Ankur Chawla | Monday, November 7, 2011

One of the most touted restaurants in the Notre Dame area, J.W. Chen’s is hardly a well-kept secret. Nestled between Ari’s Grill and a Papa Johns, it is quite possibly the best Chinese food in the South Bend-Mishawaka region.

Admittedly, the first impressions when walking in were far from great. The décor, while 99% classy, appropriately themed, and tasteful, was marred by a giant cardboard bubble tea cutout overlooking the register that seemed a little out of place. There is very limited seating to accommodate the high volume of alumni, students and locals, and even less room to stand and wait to be seated (my friends and I were forced to wait in the awkward area between the two sets of double doors). Then, once finally seated, we were in a combination of leather, old-fashioned, wheeled office chairs, and the wooden chairs one would find at south dining hall.

Once seated, though, the meal was phenomenal. We started with a round of hot tea that was the perfect remedy for the overstated cold South Bend weather. Though we avoided appetizers, our table was served an order of Almond Shrimp on the house, which ironically happened to be the best dish we had. One wouldn’t expect quality or tasty seafood in the Midwest, but even those of us from the coasts loved the shrimp. Crusted with sliced almond pieces and in a pool of sweet almond ginger glaze, there’s little else to say to describe its deliciousness.

Moving to our actual dishes, we were each asked to give our spice tolerance on a scale of 1 to 10. Being my bold, fearless, and sometimes unintelligent self, naturally I said 10. As the owner laughed and said, “We’ll see about that!” I waited in fear for what they might bring. She had recommended the Ginger Chicken after hearing I liked spice, so I went along and ordered the dish. It came, covered in red chili powder and freshly sliced jalapeños, looking quite daunting. Still, don’t worry readers, I muscled my way through it, and aside from the moment I thought I could handle eating the peppers straight up I didn’t break a sweat.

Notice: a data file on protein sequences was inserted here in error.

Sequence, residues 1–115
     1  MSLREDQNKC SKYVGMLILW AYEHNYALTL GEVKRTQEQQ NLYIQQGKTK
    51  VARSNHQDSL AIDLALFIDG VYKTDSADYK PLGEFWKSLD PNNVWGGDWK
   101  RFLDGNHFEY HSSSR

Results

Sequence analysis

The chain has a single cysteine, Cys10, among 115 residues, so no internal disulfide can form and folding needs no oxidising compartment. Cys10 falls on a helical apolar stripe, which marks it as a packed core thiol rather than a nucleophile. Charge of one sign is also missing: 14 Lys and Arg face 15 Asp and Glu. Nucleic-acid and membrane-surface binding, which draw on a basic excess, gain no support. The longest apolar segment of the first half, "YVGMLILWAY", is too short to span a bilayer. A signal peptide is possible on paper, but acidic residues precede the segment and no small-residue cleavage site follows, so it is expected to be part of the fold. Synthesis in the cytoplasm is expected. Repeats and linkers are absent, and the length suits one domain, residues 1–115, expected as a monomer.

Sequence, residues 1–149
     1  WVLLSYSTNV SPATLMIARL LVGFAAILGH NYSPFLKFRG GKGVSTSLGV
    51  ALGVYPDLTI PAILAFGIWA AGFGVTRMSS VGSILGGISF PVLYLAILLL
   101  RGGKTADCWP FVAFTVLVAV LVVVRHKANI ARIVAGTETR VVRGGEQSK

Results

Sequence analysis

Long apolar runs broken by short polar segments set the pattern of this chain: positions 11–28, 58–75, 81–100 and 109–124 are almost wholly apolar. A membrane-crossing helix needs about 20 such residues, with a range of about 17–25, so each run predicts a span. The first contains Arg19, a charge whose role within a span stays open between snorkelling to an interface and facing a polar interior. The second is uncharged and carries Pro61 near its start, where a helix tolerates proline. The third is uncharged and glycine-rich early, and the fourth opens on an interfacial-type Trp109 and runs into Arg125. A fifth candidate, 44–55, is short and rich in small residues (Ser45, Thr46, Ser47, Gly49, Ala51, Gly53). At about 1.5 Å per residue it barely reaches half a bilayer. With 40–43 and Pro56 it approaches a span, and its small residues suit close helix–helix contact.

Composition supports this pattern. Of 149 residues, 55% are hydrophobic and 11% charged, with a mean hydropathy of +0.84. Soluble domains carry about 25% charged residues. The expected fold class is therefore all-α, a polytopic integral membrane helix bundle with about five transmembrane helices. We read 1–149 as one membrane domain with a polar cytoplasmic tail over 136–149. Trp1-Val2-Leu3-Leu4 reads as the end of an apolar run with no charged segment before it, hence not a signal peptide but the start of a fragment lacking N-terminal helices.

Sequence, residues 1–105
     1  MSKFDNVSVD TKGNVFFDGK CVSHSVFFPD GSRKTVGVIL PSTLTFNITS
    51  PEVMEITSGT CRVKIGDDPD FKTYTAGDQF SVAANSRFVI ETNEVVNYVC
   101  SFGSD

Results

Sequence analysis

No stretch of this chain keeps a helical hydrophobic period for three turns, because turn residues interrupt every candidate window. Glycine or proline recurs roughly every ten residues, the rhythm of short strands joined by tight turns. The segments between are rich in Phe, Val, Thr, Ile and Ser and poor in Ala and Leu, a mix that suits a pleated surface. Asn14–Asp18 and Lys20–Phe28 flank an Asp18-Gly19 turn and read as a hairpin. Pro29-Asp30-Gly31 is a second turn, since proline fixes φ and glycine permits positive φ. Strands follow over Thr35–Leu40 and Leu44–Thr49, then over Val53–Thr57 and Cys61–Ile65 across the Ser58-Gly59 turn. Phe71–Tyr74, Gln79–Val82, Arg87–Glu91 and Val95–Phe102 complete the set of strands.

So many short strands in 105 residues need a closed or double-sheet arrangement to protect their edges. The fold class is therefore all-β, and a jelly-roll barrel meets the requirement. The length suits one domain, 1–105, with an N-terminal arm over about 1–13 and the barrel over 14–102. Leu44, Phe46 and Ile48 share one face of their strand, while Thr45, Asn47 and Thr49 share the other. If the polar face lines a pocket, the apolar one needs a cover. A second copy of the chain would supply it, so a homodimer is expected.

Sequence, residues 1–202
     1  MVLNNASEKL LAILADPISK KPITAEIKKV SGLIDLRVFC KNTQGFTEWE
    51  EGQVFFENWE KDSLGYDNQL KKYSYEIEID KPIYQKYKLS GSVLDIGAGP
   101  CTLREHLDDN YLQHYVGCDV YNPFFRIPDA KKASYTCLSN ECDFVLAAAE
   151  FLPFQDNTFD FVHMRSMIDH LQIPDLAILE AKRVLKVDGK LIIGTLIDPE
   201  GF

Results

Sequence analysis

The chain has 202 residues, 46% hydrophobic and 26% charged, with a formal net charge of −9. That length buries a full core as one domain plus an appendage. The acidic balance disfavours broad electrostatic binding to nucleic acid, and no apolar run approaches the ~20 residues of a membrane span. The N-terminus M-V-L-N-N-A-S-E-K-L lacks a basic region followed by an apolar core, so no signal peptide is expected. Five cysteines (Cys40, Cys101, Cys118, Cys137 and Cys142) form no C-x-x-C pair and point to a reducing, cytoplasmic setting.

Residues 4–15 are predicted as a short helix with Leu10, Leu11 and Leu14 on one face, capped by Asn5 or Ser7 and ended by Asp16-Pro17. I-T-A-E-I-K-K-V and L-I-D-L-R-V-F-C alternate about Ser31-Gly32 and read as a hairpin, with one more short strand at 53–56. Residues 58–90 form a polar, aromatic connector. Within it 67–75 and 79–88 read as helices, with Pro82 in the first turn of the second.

Other noteworthy menu items included foremost the Ma Pa Tofu (tofu with a spicy sauce); despite being under the PORK heading on the menu it is in fact vegetarian, spicy, and delicious. The shrimp with lobster sauce, despite having a distinctive egg flavor in it, was also quite good and the sauce went particularly well with the mountain of sticky rice served at each table. Even the Fu Na Chicken (chicken with spicy black bean sauce) was well worth it, as there was truly not a dish I tried that wasn’t thoroughly enjoyable.

Like I mentioned before, J.W. Chen’s is not unknown to most of the Notre Dame community. But, for those of you who have, like myself, overlooked it to instead order from Golden Dragon because of ease and convenience, I challenge you to try J.W. and I’m sure you will not be disappointed. At the very least, you can admire the statue of a cat holding its paw up sitting on the cashier’s table.